August 2nd had us up again to watch the sun greet the day, and about 10am we dinghied over to the coral garden, which was only a couple hundred feet from our boat. There is so much to see and so hard to put into words. Entire communities at each cluster of rocks and coral, with fish, large and teeny, all living together. Coral like Staghorn, Brain, and Elkhorn, colors across the spectrum, fans and plants waving in the current, polyps of every color on the corals. The tiniest of fish, bright, neon blue, then what we call the LSU fish – half purple, half orange, angel fish, and Nemo fish, and striped grouper, parrot fish, so much to see. Neil saw three spiny lobsters (which Kathleen somehow missed). Then Neil tapped Kathleen on the head. Our nurse shark was coming to see what we were up to. We called her “she”, but we really have no idea. – flat heads and tails that resemble sting rays more than sharks. She carefully looked us over, then went to hide behind a reef on the sandy shore. We took some pictures and video, but left her alone. First time swimming with a “shark” for both of us!
After we rinsed off from this exceptional swim and had some lunch and downtime, we took a dinghy ride around the moorage to check out the few other boats here. There was a really cool big full rigged two mast wooden sailboat, seemed to be a charter. There were two “super” yachts, and a couple of catamarans. It’s always fun to check out other boats! We then cruised out to a secluded beach, anchoring the dinghy in 3 feet of water – Tababuia Beach. Shallow enough to just play in, deep enough to swim around. Neil took some “meditation” time and we both relaxed and reveled in the quiet and beauty.
It had been overcast all day; this didn’t dissaude any of our excursions, but did limit night sky viewing. So, after a fair attempt, we went inside, and tried to watch a movie – with both of us asleep within 15 minutes! Ah well, tomorrow is another day…
We ran the generator overnight to fully charge the batteries, which meant we ran the aircon all night – HUGE bonus! After a great sleep, we got up on the 3rd, had coffee with the sunrise, and were able to leave a bit earlier as we didn’t have to run the generator in the morning to charge the batteries for the day. We headed over to the dinghy dock to take on Boo Boo Hill trail and beyond. Again, we crossed a lot of limestone rock, and various bits of flat sand (part of the causeway from our previous hike). We got up to the top of the hill, tried first to see blow holes (which would be cool at high tide, but it was low tide), then to Boo Boo Hill crest. This is another spot where boaters have left memorabilia from their time here – mostly carved wood with their names, their boat names, and the year (or in one case, several years) that they visited. From there, we continued to the Pentatek Memorial (for a couple that had done much to preserve this area), then followed the path onward, seeing amazing cliffs and beautiful beaches, including “Pirate’s Lair”, ending when we couldn’t find the path to continue on the Exuma Sound trail. It was another long, beautiful hike, and we needed a break from the heat and the sun by the time we got back to the boat.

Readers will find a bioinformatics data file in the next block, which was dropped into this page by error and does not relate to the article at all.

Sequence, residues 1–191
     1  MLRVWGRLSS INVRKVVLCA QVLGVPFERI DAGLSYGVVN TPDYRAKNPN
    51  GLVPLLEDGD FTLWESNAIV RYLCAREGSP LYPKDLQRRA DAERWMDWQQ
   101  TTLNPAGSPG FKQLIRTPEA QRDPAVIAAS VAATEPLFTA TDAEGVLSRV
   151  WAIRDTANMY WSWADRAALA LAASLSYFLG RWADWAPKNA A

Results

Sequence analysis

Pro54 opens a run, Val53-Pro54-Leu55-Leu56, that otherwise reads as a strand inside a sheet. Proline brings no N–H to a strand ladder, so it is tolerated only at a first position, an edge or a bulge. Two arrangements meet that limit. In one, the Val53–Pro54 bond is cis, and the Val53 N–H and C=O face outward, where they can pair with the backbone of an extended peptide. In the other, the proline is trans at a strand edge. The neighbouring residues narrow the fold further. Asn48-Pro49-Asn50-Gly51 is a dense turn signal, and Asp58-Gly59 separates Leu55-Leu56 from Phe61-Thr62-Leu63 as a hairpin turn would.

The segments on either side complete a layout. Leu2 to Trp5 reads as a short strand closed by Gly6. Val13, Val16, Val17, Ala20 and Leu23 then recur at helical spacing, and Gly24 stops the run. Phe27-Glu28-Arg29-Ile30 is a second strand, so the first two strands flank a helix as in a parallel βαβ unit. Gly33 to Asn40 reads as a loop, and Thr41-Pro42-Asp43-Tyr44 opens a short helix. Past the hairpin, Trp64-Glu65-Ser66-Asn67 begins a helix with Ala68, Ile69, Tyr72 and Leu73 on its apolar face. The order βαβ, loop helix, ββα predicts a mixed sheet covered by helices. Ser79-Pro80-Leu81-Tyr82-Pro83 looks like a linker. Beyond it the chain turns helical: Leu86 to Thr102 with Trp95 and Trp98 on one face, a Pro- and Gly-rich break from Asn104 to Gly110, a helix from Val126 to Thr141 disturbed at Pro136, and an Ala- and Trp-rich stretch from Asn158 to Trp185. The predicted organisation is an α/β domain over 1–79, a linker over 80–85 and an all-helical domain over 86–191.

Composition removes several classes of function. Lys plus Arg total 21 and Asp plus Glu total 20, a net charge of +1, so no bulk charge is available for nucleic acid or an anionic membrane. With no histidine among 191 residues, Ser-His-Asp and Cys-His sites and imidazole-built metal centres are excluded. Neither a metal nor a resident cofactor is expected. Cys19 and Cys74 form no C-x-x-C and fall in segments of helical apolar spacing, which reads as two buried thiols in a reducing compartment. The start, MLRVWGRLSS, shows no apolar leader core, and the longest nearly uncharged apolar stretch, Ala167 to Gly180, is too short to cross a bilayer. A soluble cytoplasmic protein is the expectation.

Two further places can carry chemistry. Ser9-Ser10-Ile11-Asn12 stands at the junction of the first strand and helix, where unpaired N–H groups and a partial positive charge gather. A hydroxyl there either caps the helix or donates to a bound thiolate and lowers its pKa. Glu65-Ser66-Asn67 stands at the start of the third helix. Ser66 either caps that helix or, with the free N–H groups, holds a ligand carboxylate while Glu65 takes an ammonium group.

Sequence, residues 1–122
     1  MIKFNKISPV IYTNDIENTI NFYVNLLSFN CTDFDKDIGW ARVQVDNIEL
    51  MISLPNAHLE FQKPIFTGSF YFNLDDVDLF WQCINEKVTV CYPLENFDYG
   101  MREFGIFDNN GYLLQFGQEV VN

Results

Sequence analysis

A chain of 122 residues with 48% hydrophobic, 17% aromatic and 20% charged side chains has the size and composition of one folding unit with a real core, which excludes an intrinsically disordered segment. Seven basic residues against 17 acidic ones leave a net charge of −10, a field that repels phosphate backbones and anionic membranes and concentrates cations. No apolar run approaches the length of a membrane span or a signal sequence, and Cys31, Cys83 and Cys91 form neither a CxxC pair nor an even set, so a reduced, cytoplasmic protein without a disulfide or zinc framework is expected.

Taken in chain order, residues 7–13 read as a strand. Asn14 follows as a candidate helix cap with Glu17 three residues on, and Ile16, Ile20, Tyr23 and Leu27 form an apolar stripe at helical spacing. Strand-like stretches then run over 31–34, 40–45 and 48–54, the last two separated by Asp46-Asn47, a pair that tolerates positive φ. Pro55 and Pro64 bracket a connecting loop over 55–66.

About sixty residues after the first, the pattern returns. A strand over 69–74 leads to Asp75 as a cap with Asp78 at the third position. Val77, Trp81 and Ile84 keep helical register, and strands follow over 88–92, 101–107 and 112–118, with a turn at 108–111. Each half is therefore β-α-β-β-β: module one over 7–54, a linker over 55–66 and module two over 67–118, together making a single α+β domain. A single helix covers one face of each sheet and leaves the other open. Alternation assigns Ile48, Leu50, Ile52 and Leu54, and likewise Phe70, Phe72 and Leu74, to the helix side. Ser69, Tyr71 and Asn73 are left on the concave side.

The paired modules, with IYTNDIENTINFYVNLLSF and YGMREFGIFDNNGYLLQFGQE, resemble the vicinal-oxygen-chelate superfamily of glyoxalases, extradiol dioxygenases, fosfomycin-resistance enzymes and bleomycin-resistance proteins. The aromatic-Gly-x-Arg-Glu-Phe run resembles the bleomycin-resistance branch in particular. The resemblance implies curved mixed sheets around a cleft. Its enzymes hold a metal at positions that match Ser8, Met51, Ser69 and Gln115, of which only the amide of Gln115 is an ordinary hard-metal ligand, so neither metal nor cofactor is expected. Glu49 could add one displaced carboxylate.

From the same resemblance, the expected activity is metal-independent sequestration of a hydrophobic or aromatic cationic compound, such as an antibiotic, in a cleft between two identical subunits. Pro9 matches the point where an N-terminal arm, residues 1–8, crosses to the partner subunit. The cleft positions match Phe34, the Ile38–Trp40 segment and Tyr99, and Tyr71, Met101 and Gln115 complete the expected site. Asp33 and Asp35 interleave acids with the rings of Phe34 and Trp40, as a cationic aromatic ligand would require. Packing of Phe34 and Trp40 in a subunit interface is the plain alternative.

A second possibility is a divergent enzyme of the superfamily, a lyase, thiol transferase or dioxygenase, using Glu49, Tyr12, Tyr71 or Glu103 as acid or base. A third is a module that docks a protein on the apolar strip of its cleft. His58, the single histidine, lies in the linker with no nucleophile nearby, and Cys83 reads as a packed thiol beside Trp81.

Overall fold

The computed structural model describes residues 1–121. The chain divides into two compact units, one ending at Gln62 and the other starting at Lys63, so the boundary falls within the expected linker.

It was, however, very near slack tide, and that would be the optimal time to visit the coral gardens again… so after a bit of a rest and snack, we jumped back into the water and swam over. Once again, a phenomenal experience. At one point, Kathleen asked Neil to point out a lobster as she hadn’t seen one the day before. Not more than ten seconds under the water, Neil had found a HUGE spiny lobster for her! It was incredible. After about an hour in the water, we swam back to the boat, this time against the current, for a really good workout. Once we were on the boat and rinsing off, the nurse shark came around again, just seeing what we were up to.
Truly exhausted this time, with lots of boats arriving into the mooring field, we had a bit of lunch, and much needed naps. In the afternoon, Neil suggested a swim, which was perfect as it was hot and muggy, and he wanted to clean some of the bottom of the boat. Kathleen swam around the area as Neil worked. Suddenly we both spied a shark – not a nurse shark – a real shark – turned out to be a black tip reef shark. He was a bit bigger than us, but really was just cruising around and had very little interest in us. As he swam off, Neil continued cleaning the keel. Kathleen noticed that little fish swam around after Neil as the stuff we didn’t want on our boat was food that they loved. Kathleen also noticed the return of the reef shark under the boat – not aggressive, just there. We both decided maybe we should be done for the day, so we got out, rinsed off, had a nice cocktail, and leftovers for dinner.
Next we head to Shroud Cay in the Exumas …